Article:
Rolling Stone - 4/1/71, pp.54-56
"...if there were any justice in this world, he'd be a star, not just the property of a tiny band of followers who count his records among their most prized possessions..."
Record Collector (magazine) - p.1004 stars out of 5
-- "Van Zandt's thoughts are magnificent, important and majestic, taking you on a tour of the human condition."
Personnel: Townes Van Zandt (vocals, guitar); Charlie McCoy (guitar, harmonica, keyboards, bass); James Burton (guitar, dobro); David Cohen, Mike Deasy Sr., Jack Clement (guitar); Ben Bennay (harmonica); Jules Jacob (flute); Don Randi (keyboards); Chuck Domanico, Lyle Ritz, Harvey Newmark, Chuck Domanico (bass); John Clauder, Donald Frost (drums).
Producers: Kevin Eggers, Jack Clement, Jim Malloy.
Includes liner notes by Lola Scobey.
All tracks have been digitally remastered.
Personnel: Townes Van Zandt (vocals, guitar); Townes Van Zandt; Charlie McCoy (guitar, harmonica, keyboards, bass guitar); Jack Clements (guitar); Chuck Domanico, Lyle Ritz, Harvey Newmark (bass guitar); John Clauder, John Clauder (drums); James Burton (guitar, dobro); David Cohen, Mike Deasy Sr. , Jack Clement (guitar); Jules Jacob (flute); Ben Bennay (harmonica); Don Randi (keyboards); Donald Frost (drums).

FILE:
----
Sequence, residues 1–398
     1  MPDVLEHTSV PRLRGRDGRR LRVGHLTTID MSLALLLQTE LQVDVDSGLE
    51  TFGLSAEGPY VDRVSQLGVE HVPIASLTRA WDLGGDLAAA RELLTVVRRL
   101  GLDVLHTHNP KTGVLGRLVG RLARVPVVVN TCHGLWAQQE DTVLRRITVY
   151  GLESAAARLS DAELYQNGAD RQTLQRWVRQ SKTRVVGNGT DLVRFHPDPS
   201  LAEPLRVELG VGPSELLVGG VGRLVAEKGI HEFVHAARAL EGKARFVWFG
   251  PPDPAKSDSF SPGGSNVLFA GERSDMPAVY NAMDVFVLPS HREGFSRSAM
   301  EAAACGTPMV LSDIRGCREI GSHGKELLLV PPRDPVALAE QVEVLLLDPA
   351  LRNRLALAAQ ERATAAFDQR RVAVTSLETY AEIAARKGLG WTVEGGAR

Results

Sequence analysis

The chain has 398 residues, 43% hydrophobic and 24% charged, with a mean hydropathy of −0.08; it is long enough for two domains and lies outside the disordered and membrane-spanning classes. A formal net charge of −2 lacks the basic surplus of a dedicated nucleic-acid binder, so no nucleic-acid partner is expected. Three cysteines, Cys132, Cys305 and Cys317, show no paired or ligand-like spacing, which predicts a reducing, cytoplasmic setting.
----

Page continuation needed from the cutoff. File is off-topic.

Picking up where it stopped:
Liner Note Author: Lola Scobey.
Photographers: Michael Ochs; Allan Vogel.
One of the best of Van Zandt's early albums. Like all his late-'60s/early-'70s recordings for the Poppy label, it's full of ostensibly incongruous overproduction. As on the early albums of Leonard Cohen and others, though, these light arrangements gain in hindsight, via their earnest elegance and the contrast they provide to the songwriter's dark visions. It sounds as though Townes' handlers were intent on marketing him as some strange combination of Bob Dylan, Glen Campbell and Bob Lind (not an entirely unjustifiable assessment), but the occasionally ominous, visionary songpoetry is too powerful too be pushed under the table by futile stabs at a hit single.
Van Zandt was an artful chronicler of the chronic depression he constantly struggled with, seldom expressed so well in song as on "Kathleen." Van Zandt's laconic country drawl keeps the dark sentiments from sounding overwrought. On "St. John the Gambler" and the Dylanesque "Why She's Acting This Way," he looks outward to describe other, equally star-crossed characters. It's not all gloom though. "Be Here to Love Me" and "Second Lovers Song" show Van Zandt's perennial but little-noted way with a tender love song.